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Neurosciences | Posted on 05/12/2021 by RBH
A brain aneurysm is a medical condition that occurs when a weak spot in the arterial wall of the brain bulges and fills with blood. It appears as a berry-size bulge or ballooning in a blood vessel inside the person’s brain. Mostly the brain aneurysm occurs between the brain and its surrounding thin tissues. Though brain aneurysms can sound alarming, in most cases, people tend to live long and healthy without experiencing any symptoms of the problem. Though, in severe patients, when the brain aneurysm becomes too big or leaks or ruptures, it causes bleeding into the brain leading, known to a hemorrhagic stroke. This condition is life-threatening and will need urgent medical care. However, in the majority of cases, a brain aneurysm does not burst or cause other health problems and is usually detected during diagnostic tests.
Symptoms of a brain aneurysm depend on the severity of the condition – ruptured, leaking, or unruptured condition.
Signs of a ruptured brain aneurysm
In cases, where a brain aneurysm is ruptured, the patient will feel sudden and intense headaches, along with some other symptoms such as:
For patients, in who the aneurysm has caused leakage of blood in the brain, the symptoms will include extreme and chronic headaches, often described as the worst headache of life. A severe brain aneurysm rupture often leads to leakage in the brain known as a sentinel bleed.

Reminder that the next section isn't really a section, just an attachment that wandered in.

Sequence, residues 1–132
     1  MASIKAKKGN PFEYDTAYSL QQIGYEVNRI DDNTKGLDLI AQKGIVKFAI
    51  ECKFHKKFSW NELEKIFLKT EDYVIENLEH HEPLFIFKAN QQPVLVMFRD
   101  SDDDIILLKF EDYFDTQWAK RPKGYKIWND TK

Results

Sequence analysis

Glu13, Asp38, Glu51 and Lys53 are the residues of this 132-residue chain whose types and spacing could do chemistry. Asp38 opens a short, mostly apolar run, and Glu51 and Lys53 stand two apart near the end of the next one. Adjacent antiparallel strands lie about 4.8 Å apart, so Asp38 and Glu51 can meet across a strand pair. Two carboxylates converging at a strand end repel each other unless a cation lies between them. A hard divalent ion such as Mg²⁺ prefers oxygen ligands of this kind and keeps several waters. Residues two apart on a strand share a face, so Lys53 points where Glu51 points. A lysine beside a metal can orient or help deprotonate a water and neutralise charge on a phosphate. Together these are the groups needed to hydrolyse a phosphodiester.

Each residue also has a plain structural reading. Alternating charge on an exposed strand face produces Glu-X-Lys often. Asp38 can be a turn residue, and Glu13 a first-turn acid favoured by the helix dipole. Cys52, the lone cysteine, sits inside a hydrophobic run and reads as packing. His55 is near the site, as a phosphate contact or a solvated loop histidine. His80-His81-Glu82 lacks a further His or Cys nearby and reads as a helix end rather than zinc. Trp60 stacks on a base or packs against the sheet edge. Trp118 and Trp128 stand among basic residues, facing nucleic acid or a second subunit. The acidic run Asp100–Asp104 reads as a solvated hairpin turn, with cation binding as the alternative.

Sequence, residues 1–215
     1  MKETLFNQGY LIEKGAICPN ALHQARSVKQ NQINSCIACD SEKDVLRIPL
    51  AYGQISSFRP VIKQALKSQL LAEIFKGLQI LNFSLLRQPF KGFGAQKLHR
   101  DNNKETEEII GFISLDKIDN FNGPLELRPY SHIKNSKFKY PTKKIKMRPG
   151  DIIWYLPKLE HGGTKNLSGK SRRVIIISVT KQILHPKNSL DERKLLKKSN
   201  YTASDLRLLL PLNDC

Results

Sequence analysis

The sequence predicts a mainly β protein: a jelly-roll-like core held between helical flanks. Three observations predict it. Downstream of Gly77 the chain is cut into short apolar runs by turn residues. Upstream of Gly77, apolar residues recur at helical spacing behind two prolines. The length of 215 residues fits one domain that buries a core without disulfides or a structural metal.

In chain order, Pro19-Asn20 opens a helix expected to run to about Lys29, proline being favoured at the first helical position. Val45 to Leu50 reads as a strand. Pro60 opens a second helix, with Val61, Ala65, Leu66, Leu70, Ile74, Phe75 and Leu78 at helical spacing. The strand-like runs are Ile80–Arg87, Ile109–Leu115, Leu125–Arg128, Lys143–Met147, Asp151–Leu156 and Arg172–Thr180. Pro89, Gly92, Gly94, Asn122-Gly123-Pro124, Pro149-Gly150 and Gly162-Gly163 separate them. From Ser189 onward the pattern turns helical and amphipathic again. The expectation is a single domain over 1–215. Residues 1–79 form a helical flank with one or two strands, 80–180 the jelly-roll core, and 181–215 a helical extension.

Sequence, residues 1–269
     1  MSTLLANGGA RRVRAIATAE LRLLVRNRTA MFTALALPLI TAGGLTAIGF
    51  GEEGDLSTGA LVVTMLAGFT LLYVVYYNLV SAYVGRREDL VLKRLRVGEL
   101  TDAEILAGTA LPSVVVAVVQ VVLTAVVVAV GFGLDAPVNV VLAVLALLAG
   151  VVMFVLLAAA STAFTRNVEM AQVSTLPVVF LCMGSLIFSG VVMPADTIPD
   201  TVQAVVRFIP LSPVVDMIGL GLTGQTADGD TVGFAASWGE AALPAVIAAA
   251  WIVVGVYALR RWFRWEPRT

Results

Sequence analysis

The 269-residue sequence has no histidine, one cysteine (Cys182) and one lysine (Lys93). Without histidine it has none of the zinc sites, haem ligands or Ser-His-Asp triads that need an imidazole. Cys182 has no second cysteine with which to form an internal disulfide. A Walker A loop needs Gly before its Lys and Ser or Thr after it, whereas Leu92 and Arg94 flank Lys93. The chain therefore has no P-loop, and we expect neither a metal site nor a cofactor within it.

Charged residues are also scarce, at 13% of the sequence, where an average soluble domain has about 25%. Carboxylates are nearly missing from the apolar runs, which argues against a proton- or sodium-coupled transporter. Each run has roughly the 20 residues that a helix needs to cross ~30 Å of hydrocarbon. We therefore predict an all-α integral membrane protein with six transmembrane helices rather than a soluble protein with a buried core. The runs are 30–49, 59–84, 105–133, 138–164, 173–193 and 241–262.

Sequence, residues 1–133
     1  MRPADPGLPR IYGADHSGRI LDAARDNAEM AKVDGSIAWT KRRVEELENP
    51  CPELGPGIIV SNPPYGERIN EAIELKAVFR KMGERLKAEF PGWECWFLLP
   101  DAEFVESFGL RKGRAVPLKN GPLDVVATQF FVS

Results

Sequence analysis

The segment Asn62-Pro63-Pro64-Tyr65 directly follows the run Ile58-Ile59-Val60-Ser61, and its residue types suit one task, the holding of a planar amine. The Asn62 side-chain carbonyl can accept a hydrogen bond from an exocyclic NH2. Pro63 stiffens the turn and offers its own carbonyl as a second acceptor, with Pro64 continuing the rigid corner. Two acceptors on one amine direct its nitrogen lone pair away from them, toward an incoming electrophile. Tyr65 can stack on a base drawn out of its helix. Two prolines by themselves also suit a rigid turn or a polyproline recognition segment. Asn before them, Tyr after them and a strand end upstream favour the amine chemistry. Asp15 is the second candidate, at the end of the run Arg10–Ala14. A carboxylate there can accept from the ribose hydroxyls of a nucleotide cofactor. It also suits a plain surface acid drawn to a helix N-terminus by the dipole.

For patients, who have a small brain aneurysm, there may be no significant symptoms. However, in case the aneurysm grows larger and starts to pressurize the nearby nerves and tissues, it can cause symptoms such as the following:
Brain aneurysms are usually common in people above the age of 40, though it is also found in children during birth. Women particularly have a higher risk of developing a brain aneurysm than men, in general.
An aneurysm is formed at the branching fork of blood vessels since these tend to be weaker sections; they appear mostly in the base of the brain and can be caused by multiple factors though none definitive.
That said, a few factors make some people more vulnerable to developing a brain aneurysm than others. These risk factors include:
Moreover, people with diseases related to blood or blood vessels are also at more risk of developing a brain aneurysm. Also, injury or trauma to the head, infection, and tumor or cancer in the head or neck – can severely increase the chances of a person developing an aneurysm in the brain. The above risk factors progress and develop over some time, whereas other factors which are present at birth and increase the risk of a child developing a brain aneurysm include:
In case, a patient experiences symptoms of a ruptured brain aneurysm, immediate medical attention must be provided because it is very likely to bleed again. The treatment involves stopping the blood flow to the aneurysm.
The procedure is risky and the eligibility will depend on the overall health condition of the patient. Some forms of treating a ruptured aneurysm include:
For brain aneurysm, which is smaller in size and have not ruptured or caused any complications – certain strict lifestyle modifications can prove very useful in treating the condition.
Overall, a brain aneurysm can be prevented provided one follows a healthy diet and active lifestyle aimed to maintain overall sound health.